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article imageCrack a cold one — Beer cans are 80 years old this week

By Karen Graham     Jan 27, 2015 in Business
For many beer lovers, nothing is more enjoyable on a hot summer's day than reaching into an ice-filled cooler and pulling out a cold one. The "crack" as the can is opened, along with the first icy sip of beer is most satisfying.
For those who don't know it, the humble can that beer, that staple of backyard Bar-B-Ques and the tail-gaters essential beverage, has only been around for 80 years. And this week we raise our voices and cans in salute to its 80th birthday. The first can of beer was sold in Richmond, Virginia on January 24, 1935. Now, decades later, the can is still the preferred vessel of choice for 54 percent of beer lovers, according to the Beer Institute.
Actually, in the early 1900s brewers were tinkering around with using metal cans for their brews, but they ran into problems with creating a container that could withstand the pasteurization process and the pressures of carbonation. Needless to say, the idea was shelved when prohibition went into effect in the U.S. Prohibition lasted from 1922 to 1933, but obviously someone was still thinking about cans.
It wasn't too long before prohibition was to end that the American Can Co. solved the problem with its "Keglined" cans. (A lacquer-like material used in kegs) The heavy-gauge cans were internally sealed to prevent the transfer of the "metallic" taste of the metal can to the brew. They had to be opened using a church-key or screwdriver to punch a hole in the flat top. The cans became known as "flattops."
Brewery Krueger in Newark - New Jersey - United States
Brewery Krueger in Newark - New Jersey - United States
Gottfried Krueger Brewing Co. of Newark, New Jersey was the first brewery to take a chance on using the metal cans, and in November of 1933, Krueger signed a contract with American Can Co. to create the first beer cans to go into production. By the end of November, American Can had produced two thousand of the Krueger special beer containers, and they were filled with 3.2 percent beer, that being the highest alcohol content permitted by federal law. It can be said that Krueger's Special Beer was the first beer can ever produced.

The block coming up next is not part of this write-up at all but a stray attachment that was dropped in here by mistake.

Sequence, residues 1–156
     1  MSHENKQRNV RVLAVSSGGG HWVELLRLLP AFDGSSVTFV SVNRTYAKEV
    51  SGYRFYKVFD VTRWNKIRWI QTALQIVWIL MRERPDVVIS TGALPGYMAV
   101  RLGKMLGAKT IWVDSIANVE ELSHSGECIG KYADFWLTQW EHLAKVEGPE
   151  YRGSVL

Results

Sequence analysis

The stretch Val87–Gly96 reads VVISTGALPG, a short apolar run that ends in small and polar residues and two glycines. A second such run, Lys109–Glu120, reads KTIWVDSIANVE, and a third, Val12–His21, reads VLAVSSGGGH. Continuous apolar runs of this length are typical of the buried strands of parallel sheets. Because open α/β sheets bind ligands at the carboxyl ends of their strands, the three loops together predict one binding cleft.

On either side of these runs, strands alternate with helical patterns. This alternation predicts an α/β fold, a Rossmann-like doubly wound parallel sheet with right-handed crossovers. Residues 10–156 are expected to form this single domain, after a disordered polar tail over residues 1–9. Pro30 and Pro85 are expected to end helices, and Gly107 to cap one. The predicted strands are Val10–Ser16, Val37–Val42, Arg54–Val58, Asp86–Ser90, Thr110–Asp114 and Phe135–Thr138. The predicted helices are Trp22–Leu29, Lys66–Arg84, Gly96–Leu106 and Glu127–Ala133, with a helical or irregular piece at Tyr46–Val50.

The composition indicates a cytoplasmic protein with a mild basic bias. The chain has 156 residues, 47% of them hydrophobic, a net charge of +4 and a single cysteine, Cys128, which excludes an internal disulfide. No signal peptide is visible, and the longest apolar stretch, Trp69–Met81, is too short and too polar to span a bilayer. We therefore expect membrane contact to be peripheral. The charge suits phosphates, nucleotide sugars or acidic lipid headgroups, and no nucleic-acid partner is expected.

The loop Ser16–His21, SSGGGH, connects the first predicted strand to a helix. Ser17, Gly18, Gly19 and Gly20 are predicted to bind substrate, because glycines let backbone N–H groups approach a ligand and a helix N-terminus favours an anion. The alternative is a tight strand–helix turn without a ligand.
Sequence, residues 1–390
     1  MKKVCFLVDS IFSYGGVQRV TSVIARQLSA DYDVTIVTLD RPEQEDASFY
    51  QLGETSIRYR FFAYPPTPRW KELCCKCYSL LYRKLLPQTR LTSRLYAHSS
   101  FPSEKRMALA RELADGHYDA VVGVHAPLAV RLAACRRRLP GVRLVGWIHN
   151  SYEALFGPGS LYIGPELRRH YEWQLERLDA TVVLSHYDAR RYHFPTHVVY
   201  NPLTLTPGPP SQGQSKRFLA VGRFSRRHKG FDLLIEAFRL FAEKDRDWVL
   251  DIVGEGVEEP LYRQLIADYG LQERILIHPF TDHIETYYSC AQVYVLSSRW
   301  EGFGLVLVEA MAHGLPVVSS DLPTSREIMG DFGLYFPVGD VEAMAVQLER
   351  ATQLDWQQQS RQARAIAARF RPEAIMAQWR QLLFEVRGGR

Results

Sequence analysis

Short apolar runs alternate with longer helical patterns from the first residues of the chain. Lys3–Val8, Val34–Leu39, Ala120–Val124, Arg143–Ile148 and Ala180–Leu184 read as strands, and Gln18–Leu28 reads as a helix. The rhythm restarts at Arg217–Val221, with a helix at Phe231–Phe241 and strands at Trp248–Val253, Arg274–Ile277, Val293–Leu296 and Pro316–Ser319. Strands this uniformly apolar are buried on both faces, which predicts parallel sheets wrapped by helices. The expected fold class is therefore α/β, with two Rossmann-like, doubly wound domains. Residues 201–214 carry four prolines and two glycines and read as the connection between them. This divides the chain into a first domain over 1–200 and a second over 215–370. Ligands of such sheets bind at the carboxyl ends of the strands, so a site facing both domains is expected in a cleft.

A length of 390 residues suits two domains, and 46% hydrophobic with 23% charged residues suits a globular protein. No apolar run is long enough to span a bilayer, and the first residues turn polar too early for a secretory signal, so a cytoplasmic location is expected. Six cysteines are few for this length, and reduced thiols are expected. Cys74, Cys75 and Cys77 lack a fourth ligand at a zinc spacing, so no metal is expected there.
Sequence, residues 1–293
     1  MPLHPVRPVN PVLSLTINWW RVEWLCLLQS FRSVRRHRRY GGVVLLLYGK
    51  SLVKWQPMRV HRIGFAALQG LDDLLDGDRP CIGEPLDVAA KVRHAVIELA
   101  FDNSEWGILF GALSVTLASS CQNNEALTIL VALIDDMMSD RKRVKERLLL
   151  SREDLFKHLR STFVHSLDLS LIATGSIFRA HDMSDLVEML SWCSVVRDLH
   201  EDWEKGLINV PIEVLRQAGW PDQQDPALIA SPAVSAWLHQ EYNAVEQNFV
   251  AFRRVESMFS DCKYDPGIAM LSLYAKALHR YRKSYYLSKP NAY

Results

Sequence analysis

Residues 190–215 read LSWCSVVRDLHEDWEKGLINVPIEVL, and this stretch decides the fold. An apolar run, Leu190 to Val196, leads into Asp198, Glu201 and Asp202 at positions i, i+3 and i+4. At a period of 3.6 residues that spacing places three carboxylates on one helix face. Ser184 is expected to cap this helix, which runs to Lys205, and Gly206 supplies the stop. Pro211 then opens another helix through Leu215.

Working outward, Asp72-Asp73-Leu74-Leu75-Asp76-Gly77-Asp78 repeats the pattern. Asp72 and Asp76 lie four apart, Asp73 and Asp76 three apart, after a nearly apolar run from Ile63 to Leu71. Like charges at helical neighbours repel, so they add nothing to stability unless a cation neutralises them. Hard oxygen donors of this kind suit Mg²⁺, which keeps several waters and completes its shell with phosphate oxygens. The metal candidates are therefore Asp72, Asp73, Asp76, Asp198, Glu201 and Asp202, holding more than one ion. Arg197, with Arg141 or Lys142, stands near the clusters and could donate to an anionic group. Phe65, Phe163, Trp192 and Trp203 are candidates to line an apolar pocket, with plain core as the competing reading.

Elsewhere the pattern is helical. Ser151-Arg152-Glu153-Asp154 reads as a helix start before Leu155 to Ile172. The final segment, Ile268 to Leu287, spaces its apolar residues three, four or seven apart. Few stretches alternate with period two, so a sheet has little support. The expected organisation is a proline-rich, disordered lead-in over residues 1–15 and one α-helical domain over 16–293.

These beers were used in a survey and the results were encouraging to Krueger's. When the survey came back, 91 percent of those surveyed gave the Krueger's Special Beer a "thumbs up." Fully 81 percent said the brew tasted more like draft beer than did bottled beer. Leaning on this success, Krueger went ahead full steam and never looked back.
As an interesting historical note, from 1942 through 1947, pursuant with the orders of the War Production Board Order M-81, the domestic use of metals was prohibited. Beer can production for domestic use was stopped, but not for our military personnel overseas. The beer came in olive drab and black camouflage colors.
The ring-tab was introduced in 1965.
The ring-tab was introduced in 1965.
As the saying goes, "You've come a long way, baby." In the 1950s, Coors was the first brewery to use the aluminum can, and in 1965, the ring-pull was introduced. Probably the best innovation was the water-based lining in the can that got rid of the ever-so-slight metallic tang. And this brings us back to today. There is a growing group of craft beer brewers that are embracing the humble aluminum can, so it is expected that the sale of beer in cans will see an increase in the future.
More about beer cans, 80th anniversary, Richmond, Virginia, Krueger Creme Ale
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